Adopting a child of another race is an option most skips when facing adoption. However, if you think you are ready to do this and you’re prepared to embrace a new experience, there are three questions you need to honestly ask yourself before starting this unbelievable journey.
Will I be able to fully understand my child from the perspective of his different race?
The answer is… probably not. If you don’t have a certain skin color or some attributes which define you and separate you from others in plain sight, you might not be able to understand 100% a person of another race. However, empathy is an element that you shouldn’t oversee. Walk a mile in your kid’s shoes and get ready to make it clear to him that his race does not define his core. Yes, it might rapidly “classify” him in one group or another, but that’s not knowing a person. And he should understand that certain physical features don’t represent his true self. Once he grasps that, the fact that you don’t feel Caucasian, Afro-American or Asian isn’t important anymore. Help him build trust in what he really is and race will fall on the second place for any of you.
How will I explain my child the differences in our family?
Family is family no matter what. And no matter if your child would be biological, adopted and with the same race or adopted and of another race, he’s still your child. Don’t waste your breath on going on the negative path – with an explanation on “why we’re not alike”, but stay positive and talk to him about unconditional love that creates strong family bonds, respect and care for one another. The main issue is not giving an explanation for what may seem out of the ordinary, but avoiding making the child feel any differences. Love and affection have no color and no strings attached, so make him feel loved and appreciated and try to avoid going through the narrow and uncomfortable path of talking about contrasts.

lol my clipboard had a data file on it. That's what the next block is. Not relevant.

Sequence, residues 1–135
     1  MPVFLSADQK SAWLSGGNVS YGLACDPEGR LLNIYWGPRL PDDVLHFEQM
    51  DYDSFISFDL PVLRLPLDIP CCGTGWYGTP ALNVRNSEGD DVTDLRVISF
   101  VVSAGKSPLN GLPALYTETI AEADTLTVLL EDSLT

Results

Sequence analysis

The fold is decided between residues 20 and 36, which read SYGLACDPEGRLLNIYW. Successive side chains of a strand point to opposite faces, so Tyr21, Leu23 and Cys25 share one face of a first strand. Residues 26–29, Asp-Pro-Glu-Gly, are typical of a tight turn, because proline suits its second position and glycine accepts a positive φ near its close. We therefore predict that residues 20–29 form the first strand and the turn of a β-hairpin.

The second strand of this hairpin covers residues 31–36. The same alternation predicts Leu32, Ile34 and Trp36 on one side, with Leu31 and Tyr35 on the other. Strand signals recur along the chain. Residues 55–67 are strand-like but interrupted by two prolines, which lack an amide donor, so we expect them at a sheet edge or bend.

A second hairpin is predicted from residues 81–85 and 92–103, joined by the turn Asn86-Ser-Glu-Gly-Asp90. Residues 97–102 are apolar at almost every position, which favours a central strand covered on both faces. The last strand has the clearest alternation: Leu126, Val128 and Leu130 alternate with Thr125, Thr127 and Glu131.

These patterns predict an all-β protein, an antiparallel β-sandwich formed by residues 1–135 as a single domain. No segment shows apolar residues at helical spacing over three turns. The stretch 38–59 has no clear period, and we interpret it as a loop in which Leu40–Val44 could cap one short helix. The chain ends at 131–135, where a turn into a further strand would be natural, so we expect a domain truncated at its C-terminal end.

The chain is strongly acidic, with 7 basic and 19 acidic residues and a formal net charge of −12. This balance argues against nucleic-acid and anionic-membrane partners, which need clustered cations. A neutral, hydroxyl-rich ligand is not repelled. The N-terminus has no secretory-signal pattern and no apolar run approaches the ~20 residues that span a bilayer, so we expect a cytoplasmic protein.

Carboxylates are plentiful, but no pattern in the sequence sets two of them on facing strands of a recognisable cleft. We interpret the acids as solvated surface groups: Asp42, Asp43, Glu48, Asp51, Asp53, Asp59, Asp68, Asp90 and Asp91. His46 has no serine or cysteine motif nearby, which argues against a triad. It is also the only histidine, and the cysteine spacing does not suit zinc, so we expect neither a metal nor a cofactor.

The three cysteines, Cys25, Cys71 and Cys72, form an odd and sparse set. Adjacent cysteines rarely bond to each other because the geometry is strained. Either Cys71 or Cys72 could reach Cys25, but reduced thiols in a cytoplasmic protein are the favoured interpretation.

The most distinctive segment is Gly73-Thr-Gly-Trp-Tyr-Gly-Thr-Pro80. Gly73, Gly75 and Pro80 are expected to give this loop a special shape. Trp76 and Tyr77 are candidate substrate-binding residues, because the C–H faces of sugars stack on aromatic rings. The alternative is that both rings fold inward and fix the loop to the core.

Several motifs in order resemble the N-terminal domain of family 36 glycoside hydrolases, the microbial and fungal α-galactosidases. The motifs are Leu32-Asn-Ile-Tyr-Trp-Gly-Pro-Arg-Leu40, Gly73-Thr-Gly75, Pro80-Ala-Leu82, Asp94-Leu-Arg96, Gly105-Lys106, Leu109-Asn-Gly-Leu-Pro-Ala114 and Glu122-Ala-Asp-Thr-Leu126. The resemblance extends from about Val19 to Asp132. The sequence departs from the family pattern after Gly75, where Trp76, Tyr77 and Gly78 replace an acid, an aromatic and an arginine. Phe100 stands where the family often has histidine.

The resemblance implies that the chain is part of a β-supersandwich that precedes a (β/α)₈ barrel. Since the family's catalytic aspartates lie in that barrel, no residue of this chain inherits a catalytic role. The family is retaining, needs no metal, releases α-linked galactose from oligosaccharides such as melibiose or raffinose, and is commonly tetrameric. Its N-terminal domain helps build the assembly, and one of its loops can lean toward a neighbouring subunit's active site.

Can I make my child the hero of his story?
It is crucial for you to answer this question with a yes. Every child needs to be nurtured and loved, so never leave him the impression he falls on the second place, no matter the situation and the context. He needs a healthy emotional upbringing so use the power of storytelling to transform him into a hero. Because unless the child is Caucasian and you’re not, chances are all familiar faces advertised around him are different than he is. However, you can make your kid the hero of his story and offer him strength and courage through kind words and encouragement. Children do feel differences and have the tendency to notice them, but it’s your role as a parent to build his trust.
If you don’t feel 100% ready to go through this, don’t worry, you’ll never reach that 100% fully. It’s in the human nature to ask ourselves questions on and on, so don’t worry and trust your gut if it tells you you’re on the good path. As a parent, you’ll grow together with your child and as long as you’re open to raise a kid from a different race you’ll learn along the way how to give him the best life and the best version of you as a parent.